Language teachers are divided about whether or not it is appropriate to assign students target language names. On the pro side, some teachers feel that it helps teach pronunciation and give students an identity in the target language. On the con side, others feel that it's not authentic, since students won't actually be addressed by a different name when they go to a target language country. While I think both sides have valid arguments, I'm personally on the pro side. In this post I'll share a little bit about the role names play in my classroom.
The Purpose of a Target Language Name
Assigning target language names is a long standing tradition in American foreign language classrooms, especially in the lower levels. Since I teach 7th grade first-year students, many of them come into my classroom expecting to adopt a French name, and are very excited to do so. The process of choosing a name and an identity for French class gives them ownership and motivates them for the year ahead. Anything that motivates students is a winner in my book! Many former language students fondly remember the name they went by in class. I know I remember adopting the name "Simone" in French class, since "Samantha" doesn't have a French equivalent, and my mother says she went by "Chérie." In Spanish class, I chose the name "Paloma," because I liked the way it sounded. In any case, picking a target language name seems to create positive memories for students, and having positive memories about French class is what makes students want to continue their studies!
Every year I've been teaching, I always create a list of names for students before the first day of school. With anywhere from 135-175 students, this is not a quick task, but the linguist in me really enjoys doing it. I get to know students' names, and it gets me excited for the year ahead. For each name, I provide a French equivalent or closest match. If it's a less common name, I consult Wikipedia or a French baby names site to find the match. Again, I'm a bit of a perfectionist in this regard, and really try to find an equivalent if there is one or the closest match if I can't.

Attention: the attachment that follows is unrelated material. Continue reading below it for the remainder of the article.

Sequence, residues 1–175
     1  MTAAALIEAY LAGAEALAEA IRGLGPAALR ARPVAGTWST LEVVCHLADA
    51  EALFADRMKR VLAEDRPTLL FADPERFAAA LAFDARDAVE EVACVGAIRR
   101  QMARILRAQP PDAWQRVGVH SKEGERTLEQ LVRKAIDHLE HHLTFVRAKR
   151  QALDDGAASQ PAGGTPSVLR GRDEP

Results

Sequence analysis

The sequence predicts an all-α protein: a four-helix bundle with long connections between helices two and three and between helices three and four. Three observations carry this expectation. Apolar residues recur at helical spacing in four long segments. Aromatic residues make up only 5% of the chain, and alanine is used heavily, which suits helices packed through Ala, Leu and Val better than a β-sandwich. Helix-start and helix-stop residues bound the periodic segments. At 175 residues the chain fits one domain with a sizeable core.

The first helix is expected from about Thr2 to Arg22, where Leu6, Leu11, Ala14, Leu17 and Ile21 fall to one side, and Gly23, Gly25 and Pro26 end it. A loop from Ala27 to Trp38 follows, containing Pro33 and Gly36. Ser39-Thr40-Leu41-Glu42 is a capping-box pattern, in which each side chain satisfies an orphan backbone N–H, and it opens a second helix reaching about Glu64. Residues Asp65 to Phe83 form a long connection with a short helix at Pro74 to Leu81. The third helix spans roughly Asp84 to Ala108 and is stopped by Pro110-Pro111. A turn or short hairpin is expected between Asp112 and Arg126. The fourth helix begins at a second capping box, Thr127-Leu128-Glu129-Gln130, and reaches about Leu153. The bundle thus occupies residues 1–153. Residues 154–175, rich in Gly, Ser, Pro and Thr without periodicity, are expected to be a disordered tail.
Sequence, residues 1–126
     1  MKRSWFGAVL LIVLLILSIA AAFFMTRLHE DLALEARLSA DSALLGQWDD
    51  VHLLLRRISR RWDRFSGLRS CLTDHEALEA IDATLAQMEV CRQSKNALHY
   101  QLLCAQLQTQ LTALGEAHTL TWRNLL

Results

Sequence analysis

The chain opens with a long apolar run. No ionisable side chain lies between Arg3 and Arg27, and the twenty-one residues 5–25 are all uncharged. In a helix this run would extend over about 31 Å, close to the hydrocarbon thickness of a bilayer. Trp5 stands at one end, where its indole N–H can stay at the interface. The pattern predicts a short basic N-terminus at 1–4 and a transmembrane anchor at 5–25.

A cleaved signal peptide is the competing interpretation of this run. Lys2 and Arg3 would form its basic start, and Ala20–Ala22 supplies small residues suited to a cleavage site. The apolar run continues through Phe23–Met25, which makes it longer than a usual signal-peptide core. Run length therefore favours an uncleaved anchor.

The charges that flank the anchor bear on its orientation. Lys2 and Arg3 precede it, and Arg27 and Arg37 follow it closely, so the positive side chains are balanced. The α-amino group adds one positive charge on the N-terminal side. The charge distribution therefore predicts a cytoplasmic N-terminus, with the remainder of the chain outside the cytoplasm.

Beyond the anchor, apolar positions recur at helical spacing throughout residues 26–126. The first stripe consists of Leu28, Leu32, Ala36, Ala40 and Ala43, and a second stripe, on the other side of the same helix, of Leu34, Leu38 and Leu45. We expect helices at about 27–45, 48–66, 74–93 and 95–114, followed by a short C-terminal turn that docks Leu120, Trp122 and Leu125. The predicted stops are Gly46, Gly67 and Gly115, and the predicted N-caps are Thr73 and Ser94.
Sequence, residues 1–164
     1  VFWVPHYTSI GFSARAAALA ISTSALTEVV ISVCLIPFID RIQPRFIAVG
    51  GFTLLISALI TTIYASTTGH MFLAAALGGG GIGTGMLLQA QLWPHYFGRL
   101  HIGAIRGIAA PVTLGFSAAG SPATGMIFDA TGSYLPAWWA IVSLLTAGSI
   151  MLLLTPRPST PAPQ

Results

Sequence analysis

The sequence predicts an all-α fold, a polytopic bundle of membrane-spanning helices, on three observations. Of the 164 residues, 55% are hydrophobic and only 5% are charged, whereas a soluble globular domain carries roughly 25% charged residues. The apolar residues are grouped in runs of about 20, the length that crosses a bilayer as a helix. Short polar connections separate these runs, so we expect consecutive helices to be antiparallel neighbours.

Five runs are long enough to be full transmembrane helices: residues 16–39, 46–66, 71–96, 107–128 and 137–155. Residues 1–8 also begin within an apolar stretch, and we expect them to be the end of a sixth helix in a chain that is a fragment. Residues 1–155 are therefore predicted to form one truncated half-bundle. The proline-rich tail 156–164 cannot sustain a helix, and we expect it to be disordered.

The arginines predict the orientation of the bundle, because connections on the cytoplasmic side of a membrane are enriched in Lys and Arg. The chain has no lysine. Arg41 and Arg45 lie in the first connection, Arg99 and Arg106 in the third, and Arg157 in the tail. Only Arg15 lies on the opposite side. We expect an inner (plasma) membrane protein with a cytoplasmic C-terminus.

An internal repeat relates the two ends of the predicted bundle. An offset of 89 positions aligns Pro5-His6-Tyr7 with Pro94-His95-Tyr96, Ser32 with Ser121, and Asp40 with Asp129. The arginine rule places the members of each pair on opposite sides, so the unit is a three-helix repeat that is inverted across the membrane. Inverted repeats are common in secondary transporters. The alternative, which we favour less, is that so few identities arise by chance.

It's important for students to understand that not all names will have a French equivalent. If their name does, I put a "=" between their name and the French name. If I had to give the closest match, the student will see a "≈" between their name and the French name. I separate girls' and boys' names to make it easier for students to find their name. The beginning of a girls' names list might looks something like this:
Alexandra = Alexandrine
Amanda = Amandine
Amber ≈ Amélie
Anna = Anne
Catherine = Catherine
Caroline = Caroline
Carly ≈ Caroline
At the end of the two lists, I also add a few other popular names for boys and girls that hadn't already made it onto the list, especially hyphenated names like Jean-Baptiste or Marie-Claire.
I don't have students pick names on the first day of school. There's too much else to take care of during the first week, plus, I need to learn their given names before I can start to learn their French names! On the first day of school, students learn how to introduce themselves. They get a piece of yardstick and make a name tag with their given name. They keep these out on their desks until I have learned their names.
Pronunciation & Choosing a Name
One of the things I like about choosing a French name is that it introduces students to French phonetics and spelling conventions. After giving this pronunciation lesson, I give students the list of names and let them practice pronouncing them with a partner. If they need help, they raise their hand and I assist them. While each student is given a French name that matches their given name, they can choose whatever name they like. Since most students choose the name I picked for them, it's not that hard to learn them all. For the students that choose a different name, many of them take great pride in getting to choose their name. Once the students have picked a name, they write "Je m'appelle" and their new name on the back of the name tag that they made on the first day of school.
Getting to Know You
To help students learn each others' French names, an activity I do after teaching "Il s'appelle" and "Elle s'appelle" is to have students get in groups and try to memorize each others' names. One student says "Je m'appelle [name]." The next student says "Je m'appelle [name], Il/Elle s'appelle [name of the person next to them]," and so on. If they finish quickly, they can repeat the activity, but this time each person adds a funny gesture after their name to spice things up.
When students write their name on their papers, I teach them to write it the French way, LASTNAME Firstname. It's a way to incorporate culture into our routines. I first mentioned this idea in this prior post.